During my interview with game director Adam Badowski, the man leading the Cyberpunk 2077 team seemed apprehensive about the game’s reception. Of course, he’d basically been locked inside a conference room for three straight days and wasn’t quite aware of just how well the game’s 50-minute hands-off demonstration was being received. It was a rare moment for me as a journalist, a kind of Schrödinger’s cat situation.
Inside that interview room, the first public showing of Cyberpunk 2077 was simultaneously a huge success and a catastrophic failure. The situation weighed heavily on Badowski.
“I was expecting a ton of questions,” he told me, “about transhumanism. About the philosophical aspects of humanity.” To him, it seemed like no one in the entire cavalcade of international journalists, including me, had really gotten the point that he and his team were trying to make.
That’s when Marcin Iwiński, the studio’s co-founder and joint CEO, turned to his colleague to reassure him.
“There’s one thing that I would like to say,” Iwiński said, addressing me but looking straight at Badowski who was slumped in his chair. “It means that we are doing a good job, because this is a game and apparently people feel it as a game and they don’t need to ask this question. In a way, it is an achievement.”
Badowski nodded slightly.
“But at the same time,” Badowski said, looking at the floor, “we are — CD Projekt — we are storytellers, so there are different layers of deepness to our stories and our game.”
There was a pause in our conversation.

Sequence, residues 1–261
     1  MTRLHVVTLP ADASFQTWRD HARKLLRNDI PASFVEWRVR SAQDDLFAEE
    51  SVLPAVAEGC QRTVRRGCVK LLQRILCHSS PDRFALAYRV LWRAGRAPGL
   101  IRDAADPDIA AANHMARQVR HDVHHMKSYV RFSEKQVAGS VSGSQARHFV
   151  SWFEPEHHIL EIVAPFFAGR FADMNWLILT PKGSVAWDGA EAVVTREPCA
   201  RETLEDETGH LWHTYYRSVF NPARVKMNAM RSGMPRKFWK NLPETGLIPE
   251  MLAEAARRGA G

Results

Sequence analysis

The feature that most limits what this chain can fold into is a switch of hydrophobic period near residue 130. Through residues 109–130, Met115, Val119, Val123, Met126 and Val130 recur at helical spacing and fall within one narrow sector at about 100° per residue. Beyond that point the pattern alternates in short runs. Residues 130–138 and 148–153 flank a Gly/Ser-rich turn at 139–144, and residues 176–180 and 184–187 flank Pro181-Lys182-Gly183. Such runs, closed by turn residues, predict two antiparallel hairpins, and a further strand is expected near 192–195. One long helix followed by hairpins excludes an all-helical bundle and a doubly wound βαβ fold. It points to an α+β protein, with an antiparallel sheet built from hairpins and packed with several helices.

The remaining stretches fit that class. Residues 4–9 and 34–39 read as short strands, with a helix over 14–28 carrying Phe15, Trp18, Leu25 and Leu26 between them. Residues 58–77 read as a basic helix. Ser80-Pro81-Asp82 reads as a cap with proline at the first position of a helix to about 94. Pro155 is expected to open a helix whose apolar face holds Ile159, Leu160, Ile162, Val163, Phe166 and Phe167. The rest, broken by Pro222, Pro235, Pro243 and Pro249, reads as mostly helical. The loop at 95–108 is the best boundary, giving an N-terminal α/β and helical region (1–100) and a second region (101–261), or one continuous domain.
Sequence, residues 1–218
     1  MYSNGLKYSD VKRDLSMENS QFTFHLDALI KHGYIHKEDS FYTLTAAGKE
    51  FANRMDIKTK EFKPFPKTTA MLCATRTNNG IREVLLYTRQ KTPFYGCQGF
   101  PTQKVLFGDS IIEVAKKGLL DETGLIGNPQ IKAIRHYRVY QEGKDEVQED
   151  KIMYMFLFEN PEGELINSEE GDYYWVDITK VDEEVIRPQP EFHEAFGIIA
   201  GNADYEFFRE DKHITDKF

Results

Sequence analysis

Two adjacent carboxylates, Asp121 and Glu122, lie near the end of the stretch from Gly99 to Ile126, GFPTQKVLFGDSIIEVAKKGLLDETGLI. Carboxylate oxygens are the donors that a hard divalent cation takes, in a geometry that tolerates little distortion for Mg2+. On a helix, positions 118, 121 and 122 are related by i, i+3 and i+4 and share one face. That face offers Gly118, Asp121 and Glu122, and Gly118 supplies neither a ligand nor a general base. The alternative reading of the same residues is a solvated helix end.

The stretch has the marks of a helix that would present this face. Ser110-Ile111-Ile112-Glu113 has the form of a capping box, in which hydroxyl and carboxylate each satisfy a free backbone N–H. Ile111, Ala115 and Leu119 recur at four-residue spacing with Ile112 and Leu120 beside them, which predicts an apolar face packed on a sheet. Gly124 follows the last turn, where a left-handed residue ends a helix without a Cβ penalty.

“To wrap this up, I’ll just tell one last story,” Iwiński said, turning once again to me. “A long time ago, before The Witcher 3 was out and when the team was just starting to work on [the script], I was with Adam in Lyon, France and we were walking somewhere.
“That’s when I asked Adam, ‘Can you tell me the story of The Witcher 3?’ And Adam started. He was, ‘La la la. Li li li.’ You know, factions, political groups. I’m into the lore. I’m a huge fan. I’ve read all the books.”
“And I lost him,” Badowski said, still staring at the floor.
“After 45 minutes, I said, ‘Adam, stop. I can’t stand it.’ And that’s pretty much what our games are if you just write it all down. But then you start to play them, and you get immersed in them, and that is the magic of the prologue of Witcher 3. We’ve been discussing that a lot recently. It was more like you felt [the game’s themes]. You suddenly understand it because we did these certain things. We served it properly to you, so that’s exactly what we want to do again with Cyberpunk.
“Things have to be self explanatory, and when you get immersed — don’t worry, you will get a lot of depth as you did with The Witcher 3 — but the depth will automatically come with understanding. If that’s not the case, it means we have failed.”